Improving Performance with a Regional Treasury Centre in Asia

In
the past, setting up a RTC in Europe rather than Asia was a straightforward
decision, as corporates could take advantage of better controls and
advantageous tax rates in locations such as Luxembourg or Belgium. Since there
was more fixed income trading expertise in Europe and North America than in
Asia, the RTC in Europe concentrated on using intellectual capital, while
operations in Asia focused more on execution.

As these MNCs have
begun to generate a rapidly-growing percentage of their cash from Asia,
however, they have started looking at how to set up a RTC in Singapore or Hong
Kong. By doing so they can have faster access to their cash, rather than
sweeping their funds to London and New York, and also take advantage of
attractive investments in the region.

While Asia-headquartered MNCs
tended to be decentralised or have their RTCs located in London or New York, a
more recent trend is for these MNCs is to step up to the next level of
financial management and look at developing RTCs in Asia. This is so they can
manage cash better, enhance risk management and improve controls by operating
in a central location in their home region.  

Setting the
Right Objectives for RTCs

As they look at shifting their
focus to setting up their RTC in Asia, there is a tendency for some corporates
to consider factors such as location or structure first. For more strategic
corporates, however, the optimal starting point is to concentrate on aligning
the RTC structure to support the company in achieving its key objectives of
expanding their customer base, increasing revenue and growing the business.
While treasury clearly has a far more strategic role than in the past, it
provides a support function and should focus on preserving corporate assets and
driving a satisfactory return within a specified risk framework.

For the RTC itself, the key objectives are to increase control and
visibility, improve regulatory and internal compliance, enhance yield, reduce
financing costs and improve operational efficiency. As businesses continue to
expand in countries throughout the region and become more entrenched locally,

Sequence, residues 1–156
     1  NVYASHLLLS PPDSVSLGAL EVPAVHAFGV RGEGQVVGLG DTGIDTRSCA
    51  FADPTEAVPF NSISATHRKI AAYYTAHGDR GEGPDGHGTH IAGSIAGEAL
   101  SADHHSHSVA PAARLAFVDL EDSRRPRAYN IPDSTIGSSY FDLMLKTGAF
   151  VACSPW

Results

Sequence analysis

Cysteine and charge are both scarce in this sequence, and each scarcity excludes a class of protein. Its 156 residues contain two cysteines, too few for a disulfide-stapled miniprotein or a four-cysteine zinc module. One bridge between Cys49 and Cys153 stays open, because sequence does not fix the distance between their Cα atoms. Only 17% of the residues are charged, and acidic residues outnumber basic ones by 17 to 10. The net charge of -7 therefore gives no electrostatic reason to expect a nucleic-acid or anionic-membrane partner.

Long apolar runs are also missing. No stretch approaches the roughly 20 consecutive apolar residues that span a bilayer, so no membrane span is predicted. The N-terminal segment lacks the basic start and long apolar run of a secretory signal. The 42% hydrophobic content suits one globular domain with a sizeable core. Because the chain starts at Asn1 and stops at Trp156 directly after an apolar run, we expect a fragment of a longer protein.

corporates are also considering how to set up a structure to deal with an
increasing number of diverse and internationally-focused counterparties in each
market. 

While some corporates are starting to target a higher, yet
riskier return – especially as risk appetites grow larger in a more benign
market – more strategic corporate treasurers are adopting a cautious approach
whereby they assess treasury risk scenarios fully and make decisions that
optimise their business. This more cautious approach does not mean that
corporates ignore solutions that work well, but work to maximise the potential
of their funds despite operating in Asian markets where currencies are
restricted.

The Optimal Location for the RTC

Once a MNC has decided to shift its RTC to the Asia-Pacific region and
has established its goals, Singapore and Hong Kong stand out as optimal
locations to be considered. Both offer well-established tax and legal
structures, a solid business environment, competitive banking services and
effective netting and pooling regulations that can be more attractive than many
other locations in the Asia Pacific. 

For companies based in
Northeast Asia, Hong Kong may be preferred because of its closer proximity to
their counterparties.

For many corporates throughout the Asia
Pacific, however, Singapore is becoming the preferred location because it is
considered very business-friendly, has the most freely regulated market in the
region, offers strong tax incentives, delivers fewer surprises in financial
regulation, has a legal structure in line with English law, uses English as the
common business language, and receives support from government agencies such as
the government’s Economic Development Board (EDB). In addition, it has
developed an experienced and broader talent pool, due to MNCs having set up
their RTCs in Singapore.

The net result is that many companies
consider Singapore the more strategic location in the region to locate their
RTC.